2

It appears that your scan worked correctly through the TOR network. Based on the switches you used, nmap only sent a SYN to port 80 and your target responded with a RST. The timeout from proxychains just means a SYN/ACK wasn't received from the target.


2

Looks like someone has the kali.org blog page open, which has an embedded Twitter widget on. This will make requests approximately every 30 seconds, checking for new tweets from the @kalilinux Twitter account. The following screenshot from Burp, whilst the page https://www.kali.org/news/kali-linux-20171-release/ is open shows this - the final column is the ...


2

It might be useful to identify why the program crashes. I had the same problem when NSE was initiated. Looking at dmesg showed me the following: [158085.716905] nmap[28540]: segfault at 6 ip b6489234 sp bf89ee6c error 4 in liblua5.2.so.0.0.0[b6483000+36000] [158389.020572] nmap[28761]: segfault at 6 ip b7380234 sp bf9d61bc error 4 in liblua5.2.so.0.0.0[...


2

It seems that you cannot send ICMP packages over SOCKS. But you can instruct Nmap to perform a TCP Ping to do the same! “TCP ping” can be described as a TCP packet with the ACK flag set, destined for port 80 of the target host(s). The desired response from an accessible host is either a TCP packet with the RST flag set, or an ICMP echo reply, ...


1

I found the fix. The problem was a bad network configuration of my virtual machine. When I recived this errors, the virtual machine network was configured as Bridge. When I changed from Bridge to NAT, this problem was solved.


1

Inspired by the second answer, I found the solution to fix this problem. The connection with machine A is the same: ssh -f -N -D 9050 user@192.168.1.132 And in the proxychains configuration I have: socks4 127.0.0.1 9050 But I couldn't execute ping command from the attacker machine to machine B, because ping uses ICMP. Therefore, I had to use TCP or UDP ...


1

Socks proxies TCP and UDP, while ping sends ICMP packets. So you need to test using another protocol. If you want it lightweight and stateless like ping you can try to resolve a DNS name for testing UDP. Otherwise try to load a website for testing TCP connectivity.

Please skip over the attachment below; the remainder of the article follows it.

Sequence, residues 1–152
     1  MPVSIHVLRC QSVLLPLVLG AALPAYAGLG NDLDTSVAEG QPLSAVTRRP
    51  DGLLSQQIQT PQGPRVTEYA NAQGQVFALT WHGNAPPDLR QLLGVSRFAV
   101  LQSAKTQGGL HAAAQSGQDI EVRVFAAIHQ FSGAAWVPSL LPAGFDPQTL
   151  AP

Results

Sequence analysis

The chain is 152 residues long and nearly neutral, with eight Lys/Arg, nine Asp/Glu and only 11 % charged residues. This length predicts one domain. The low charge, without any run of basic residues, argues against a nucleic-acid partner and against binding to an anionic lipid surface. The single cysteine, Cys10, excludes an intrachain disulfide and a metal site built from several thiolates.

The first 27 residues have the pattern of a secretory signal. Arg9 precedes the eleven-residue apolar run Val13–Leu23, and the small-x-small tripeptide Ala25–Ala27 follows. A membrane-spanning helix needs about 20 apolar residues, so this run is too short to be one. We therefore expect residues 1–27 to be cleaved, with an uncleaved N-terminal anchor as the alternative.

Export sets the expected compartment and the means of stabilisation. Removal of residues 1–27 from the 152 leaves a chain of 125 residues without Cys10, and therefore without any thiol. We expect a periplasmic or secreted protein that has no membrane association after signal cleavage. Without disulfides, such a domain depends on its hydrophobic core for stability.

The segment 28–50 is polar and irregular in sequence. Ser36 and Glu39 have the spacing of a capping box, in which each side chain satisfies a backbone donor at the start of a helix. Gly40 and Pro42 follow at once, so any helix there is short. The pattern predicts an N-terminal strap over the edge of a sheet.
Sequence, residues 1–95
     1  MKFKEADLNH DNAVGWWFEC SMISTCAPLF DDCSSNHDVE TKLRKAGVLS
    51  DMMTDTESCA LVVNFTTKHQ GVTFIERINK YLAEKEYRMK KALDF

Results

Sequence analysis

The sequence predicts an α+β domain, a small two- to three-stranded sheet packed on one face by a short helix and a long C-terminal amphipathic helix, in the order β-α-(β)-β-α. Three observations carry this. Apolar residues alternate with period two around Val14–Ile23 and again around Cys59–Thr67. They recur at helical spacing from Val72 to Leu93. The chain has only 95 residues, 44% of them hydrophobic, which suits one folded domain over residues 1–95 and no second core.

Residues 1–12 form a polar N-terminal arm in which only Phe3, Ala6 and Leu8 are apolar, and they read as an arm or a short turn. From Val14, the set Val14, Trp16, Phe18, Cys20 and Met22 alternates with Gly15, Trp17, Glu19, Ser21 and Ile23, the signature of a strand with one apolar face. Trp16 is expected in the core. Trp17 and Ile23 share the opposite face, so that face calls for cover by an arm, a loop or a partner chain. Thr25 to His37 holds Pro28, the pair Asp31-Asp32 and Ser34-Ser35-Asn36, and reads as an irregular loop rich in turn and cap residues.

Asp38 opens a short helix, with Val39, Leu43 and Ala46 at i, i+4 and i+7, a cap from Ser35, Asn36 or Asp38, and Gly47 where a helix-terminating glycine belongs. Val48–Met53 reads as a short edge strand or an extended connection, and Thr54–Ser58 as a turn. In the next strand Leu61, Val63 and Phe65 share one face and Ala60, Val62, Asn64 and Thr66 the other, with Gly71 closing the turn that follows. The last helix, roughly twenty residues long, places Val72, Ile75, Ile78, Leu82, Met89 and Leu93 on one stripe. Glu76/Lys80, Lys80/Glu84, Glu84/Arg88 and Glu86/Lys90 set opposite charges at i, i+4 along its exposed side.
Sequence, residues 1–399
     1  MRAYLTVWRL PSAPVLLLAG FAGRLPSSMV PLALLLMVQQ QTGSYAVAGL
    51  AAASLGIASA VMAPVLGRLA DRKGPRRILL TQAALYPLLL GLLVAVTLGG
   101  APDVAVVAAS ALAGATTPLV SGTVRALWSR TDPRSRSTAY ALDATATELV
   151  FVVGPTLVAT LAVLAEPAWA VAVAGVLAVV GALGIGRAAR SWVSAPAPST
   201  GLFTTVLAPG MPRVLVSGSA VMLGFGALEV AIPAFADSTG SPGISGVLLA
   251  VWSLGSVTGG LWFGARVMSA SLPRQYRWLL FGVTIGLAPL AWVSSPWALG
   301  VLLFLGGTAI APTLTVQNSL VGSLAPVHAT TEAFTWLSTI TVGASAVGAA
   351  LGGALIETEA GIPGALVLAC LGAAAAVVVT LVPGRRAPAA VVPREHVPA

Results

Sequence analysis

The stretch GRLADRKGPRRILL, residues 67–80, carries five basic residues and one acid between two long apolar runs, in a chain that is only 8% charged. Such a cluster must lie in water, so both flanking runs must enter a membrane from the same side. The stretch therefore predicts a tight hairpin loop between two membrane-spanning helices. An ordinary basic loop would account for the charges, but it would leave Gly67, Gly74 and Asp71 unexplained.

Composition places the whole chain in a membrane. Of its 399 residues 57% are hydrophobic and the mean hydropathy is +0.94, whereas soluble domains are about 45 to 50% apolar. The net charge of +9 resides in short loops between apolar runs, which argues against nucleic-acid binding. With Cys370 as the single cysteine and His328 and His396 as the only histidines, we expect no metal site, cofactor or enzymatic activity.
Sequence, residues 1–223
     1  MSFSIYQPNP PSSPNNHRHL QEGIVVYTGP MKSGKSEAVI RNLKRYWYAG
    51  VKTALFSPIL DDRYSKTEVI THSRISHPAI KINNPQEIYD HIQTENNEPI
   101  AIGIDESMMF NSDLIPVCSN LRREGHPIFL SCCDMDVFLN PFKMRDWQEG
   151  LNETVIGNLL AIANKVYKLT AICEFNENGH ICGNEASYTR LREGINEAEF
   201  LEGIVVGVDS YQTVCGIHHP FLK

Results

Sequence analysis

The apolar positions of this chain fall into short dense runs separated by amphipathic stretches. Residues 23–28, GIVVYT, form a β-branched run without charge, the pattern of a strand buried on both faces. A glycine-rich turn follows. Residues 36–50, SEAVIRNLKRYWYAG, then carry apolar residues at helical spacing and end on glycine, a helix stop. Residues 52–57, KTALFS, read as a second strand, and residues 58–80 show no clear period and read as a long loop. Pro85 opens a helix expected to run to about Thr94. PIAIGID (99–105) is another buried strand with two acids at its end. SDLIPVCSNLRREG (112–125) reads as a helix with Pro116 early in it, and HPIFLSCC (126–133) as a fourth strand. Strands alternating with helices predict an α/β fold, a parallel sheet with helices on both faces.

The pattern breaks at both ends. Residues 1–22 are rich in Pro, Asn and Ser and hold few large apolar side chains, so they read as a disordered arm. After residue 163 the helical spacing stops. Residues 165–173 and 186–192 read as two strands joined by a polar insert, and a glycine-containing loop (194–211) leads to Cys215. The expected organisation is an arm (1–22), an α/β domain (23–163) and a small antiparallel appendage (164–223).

1

By default Firefox does not do DNS lookups over the SOCKS proxy. You have to check the appropriate checkbox when configuring the proxy in Firefox. As example see https://i.stack.imgur.com/vB93s.png but in the current version of Firefox the dialog looks slightly different.


1

Was the server be compromised or something wrong with my local settings? Most likely something is misconfigured, but given the information provided, it is impossible to tell whether on the connecting client or the ProxyChains machine. If you search for proxychains 224.0.0.1 you can see quite a number of posts, like this one. Offending key for IP in /home/...


1

There is no way to do it with "external" tools. Because the information about the circuits is kept within Tor. However you can utilise Tor's control protocol. This means you can connect to your Tor client and extract information out of your client. So sending GETINFO circuit-status prints out information to your current circuit(s). Usually Tor opens several ...


1

Running requests via proxy will break a lot of default options for tools. If you look into how proxychains works you'll find: SOCKS is a layer 5 protocol. That means it doesn't care about anything below that layer in the OSI model! That means that you can't use it to tunnel protocols operating below layer 5. This includes things such as ping, ARP, etc. ...